Whether your honeymoon is in Paris, also known as The City of Lights, or somewhere in the gorgeous south of France, these etiquette tips will put you in good stead throughout your stay in France.

Basic Etiquette

  • It is common for salespeople, servers, or others in the service industry to subtly dismiss patrons for having poor etiquette or manners.
  • At a service counter, you are expected to greet the service provider with a brief “bonjour” which means “hello”.  This greeting applies even if you are in a rush.
  • It is rude to sit with one’s legs spread apart unless it is in a relaxed environment.  Otherwise, sit straight with your legs crossed at the knee or knees together.
  • Never place feet on tables or chairs.
  • If someone is invited to a restaurant, it is acceptable to arrive at the specific time.
  • When one is invited for a meal at someone’s house, one is not expected to arrive “à l’heure” which means “on time”. It is best to arrive about 15 to 20 minutes after the set arrival time.

Visiting

  • The French people consider it rude to visit unannounced or uninvited.
  • When invited to a dinner, it is common courtesy for guests to ask their host(s)/hostess(es) if they would like for them to bring something that would complement the evening.
  • If your host does not have a preference, guests may also bring a bottle of wine or dessert.
  • It is an honor to be invited into someone’s home as the French people are quite reserved about the practice.
  • Guests are expected to dress well.
  • It is viewed as rude if you do not greet everyone when arriving and leaving, regardless of how many people are present.

Eating

Table manners are highly regarded in France. Thus, there are a number of practices one should observe when with a French peer:

  • You are expected to pass dishes around and to hold a dish so your neighbor can retrieve some of the meal.
  • When one begins a meal, they typically say “bon appétit” which means “enjoy your meal”s.
  • Dinner guests should not open their mouths or talk while eating. Instead, one should gently wipe their mouth after taking a drink.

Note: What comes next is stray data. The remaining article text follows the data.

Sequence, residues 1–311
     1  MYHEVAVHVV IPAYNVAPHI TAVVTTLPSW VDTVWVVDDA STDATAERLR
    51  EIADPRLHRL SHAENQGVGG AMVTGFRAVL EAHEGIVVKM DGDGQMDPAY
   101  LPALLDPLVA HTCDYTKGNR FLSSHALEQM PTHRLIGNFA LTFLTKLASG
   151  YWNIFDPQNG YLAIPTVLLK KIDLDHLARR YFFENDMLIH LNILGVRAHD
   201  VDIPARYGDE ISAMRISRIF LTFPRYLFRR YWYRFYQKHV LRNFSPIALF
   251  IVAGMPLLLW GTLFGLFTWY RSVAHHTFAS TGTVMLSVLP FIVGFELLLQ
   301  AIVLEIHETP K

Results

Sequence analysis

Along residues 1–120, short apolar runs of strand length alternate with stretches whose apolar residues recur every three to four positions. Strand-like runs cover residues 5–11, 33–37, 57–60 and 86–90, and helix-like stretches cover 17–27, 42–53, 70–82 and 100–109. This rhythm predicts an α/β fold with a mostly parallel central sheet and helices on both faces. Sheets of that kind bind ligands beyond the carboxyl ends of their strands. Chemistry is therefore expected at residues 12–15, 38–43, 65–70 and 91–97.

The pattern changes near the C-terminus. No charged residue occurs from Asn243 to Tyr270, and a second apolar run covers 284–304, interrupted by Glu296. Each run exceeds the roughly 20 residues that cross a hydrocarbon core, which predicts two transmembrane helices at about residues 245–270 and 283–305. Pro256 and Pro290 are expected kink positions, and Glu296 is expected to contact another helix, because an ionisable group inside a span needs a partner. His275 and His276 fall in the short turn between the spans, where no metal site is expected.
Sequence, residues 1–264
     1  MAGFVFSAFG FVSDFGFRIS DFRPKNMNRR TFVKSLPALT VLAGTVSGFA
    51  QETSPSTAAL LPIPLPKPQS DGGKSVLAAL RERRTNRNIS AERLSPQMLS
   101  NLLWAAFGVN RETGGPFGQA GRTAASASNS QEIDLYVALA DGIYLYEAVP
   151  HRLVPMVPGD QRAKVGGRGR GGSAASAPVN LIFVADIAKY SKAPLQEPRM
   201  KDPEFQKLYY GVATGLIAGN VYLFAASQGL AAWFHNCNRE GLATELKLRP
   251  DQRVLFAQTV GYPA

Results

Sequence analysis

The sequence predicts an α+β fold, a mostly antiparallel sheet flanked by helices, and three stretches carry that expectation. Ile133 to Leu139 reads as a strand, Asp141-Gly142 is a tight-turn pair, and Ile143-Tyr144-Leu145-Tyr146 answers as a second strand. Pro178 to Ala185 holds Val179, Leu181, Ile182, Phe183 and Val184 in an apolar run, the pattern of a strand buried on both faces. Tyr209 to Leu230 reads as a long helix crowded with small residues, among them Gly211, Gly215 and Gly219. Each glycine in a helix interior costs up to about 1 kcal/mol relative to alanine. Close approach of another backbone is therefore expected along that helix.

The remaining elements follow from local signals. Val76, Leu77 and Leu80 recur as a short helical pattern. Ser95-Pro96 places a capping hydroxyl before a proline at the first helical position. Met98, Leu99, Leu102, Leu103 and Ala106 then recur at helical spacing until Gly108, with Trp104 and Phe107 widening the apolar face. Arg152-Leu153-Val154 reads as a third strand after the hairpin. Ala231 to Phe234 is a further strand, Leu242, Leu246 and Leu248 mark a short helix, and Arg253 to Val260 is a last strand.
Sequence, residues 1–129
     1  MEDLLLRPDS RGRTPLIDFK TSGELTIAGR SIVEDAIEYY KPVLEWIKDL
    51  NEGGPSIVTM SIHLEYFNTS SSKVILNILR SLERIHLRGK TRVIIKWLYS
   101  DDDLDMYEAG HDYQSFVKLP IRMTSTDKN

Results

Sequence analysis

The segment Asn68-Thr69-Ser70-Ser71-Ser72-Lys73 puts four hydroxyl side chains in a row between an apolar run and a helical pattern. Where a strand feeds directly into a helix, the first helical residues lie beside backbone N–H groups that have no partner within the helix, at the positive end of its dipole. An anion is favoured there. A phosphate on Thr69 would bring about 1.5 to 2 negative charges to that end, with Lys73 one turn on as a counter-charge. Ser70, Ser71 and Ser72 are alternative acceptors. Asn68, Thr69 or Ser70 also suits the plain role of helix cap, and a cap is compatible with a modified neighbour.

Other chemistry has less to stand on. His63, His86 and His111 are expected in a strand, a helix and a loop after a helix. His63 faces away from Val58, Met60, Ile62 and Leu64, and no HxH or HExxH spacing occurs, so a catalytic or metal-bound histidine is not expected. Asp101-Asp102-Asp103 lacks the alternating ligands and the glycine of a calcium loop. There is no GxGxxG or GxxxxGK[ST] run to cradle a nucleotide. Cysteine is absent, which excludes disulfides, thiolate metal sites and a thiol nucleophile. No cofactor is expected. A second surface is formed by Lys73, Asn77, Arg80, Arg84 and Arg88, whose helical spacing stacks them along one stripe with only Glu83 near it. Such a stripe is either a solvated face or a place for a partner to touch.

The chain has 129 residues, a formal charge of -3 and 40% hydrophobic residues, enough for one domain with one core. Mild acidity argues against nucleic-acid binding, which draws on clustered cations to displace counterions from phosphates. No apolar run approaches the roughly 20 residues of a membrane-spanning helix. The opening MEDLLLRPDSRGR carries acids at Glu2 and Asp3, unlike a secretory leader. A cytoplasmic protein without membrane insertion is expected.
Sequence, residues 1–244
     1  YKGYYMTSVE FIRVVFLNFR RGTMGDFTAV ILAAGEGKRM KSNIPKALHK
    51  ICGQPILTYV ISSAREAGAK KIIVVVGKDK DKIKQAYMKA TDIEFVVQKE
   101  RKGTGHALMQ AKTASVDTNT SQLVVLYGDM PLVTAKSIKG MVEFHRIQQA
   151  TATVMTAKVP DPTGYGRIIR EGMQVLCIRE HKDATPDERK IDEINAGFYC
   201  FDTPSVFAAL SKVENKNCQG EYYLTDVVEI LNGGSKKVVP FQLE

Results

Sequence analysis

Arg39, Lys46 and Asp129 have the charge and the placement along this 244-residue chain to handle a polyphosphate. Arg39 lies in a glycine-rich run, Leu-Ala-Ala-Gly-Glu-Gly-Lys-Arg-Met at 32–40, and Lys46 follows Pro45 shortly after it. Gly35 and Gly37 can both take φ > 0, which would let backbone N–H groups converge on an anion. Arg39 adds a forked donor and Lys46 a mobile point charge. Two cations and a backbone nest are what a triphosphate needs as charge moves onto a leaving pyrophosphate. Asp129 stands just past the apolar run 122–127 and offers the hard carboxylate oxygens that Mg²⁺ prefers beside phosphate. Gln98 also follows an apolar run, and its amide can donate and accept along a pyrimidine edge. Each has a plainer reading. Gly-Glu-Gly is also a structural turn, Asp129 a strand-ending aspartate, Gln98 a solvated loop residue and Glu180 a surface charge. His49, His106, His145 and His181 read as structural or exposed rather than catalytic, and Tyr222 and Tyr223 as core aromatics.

• When someone finishes their meal, the fork and knife are placed side by side on the plate on the right or in the center of the plate.
  • At a restaurant, generally guests are not expected to share the bill.
  • There are three main meals throughout the day: “le petit déjeuner” (“breakfast”), “le déjeuner” (“lunch”) and “le dîner” (“dinner”). The largest meal of the day is dinner.
  • Meals, especially le dîner, are comprised of different courses consisting of three courses: hors d’eouvre (introductory course), the main course, and a cheese or dessert course.
  • Another common type of meal enjoyed is known as the “apéro” (also known as ‘l’apéritif’), which is a pre-dinner drink with finger foods and filled with conversations. The length of time varies from a short 30 minute meal to a 3 hour fête.  If you are invited to an apéro, it is best to bring something gourmet, instead of a generic item.  Additionally, the last piece of food at an apéro is usually left for some time until someone politely asks the others if they may eat it.
  • Wine plays an important role the French dining experience. It is often served with meals, and people tend to comment on the flavors and quality of the wine they are drinking. Typically, one begins by aerating and breathing the wine, then taking a sip and tasting the flavors for a few seconds before swallowing. Practices relating to wine become more important the higher the quality of the wine. Finally, if you do not want any more wine, leave your current glass mostly full to indicate this to your host or hostess. Failing to respect wine-related etiquette is  lacking considered by the French as lacking manners.
  • It is generally frowned upon to leave food on a plate, particularly when in someone’s home. Each course of a meal tends to take time to make. Thus, one shows appreciation for the efforts of the person who prepared the meal through the enjoyment and completion of the meal.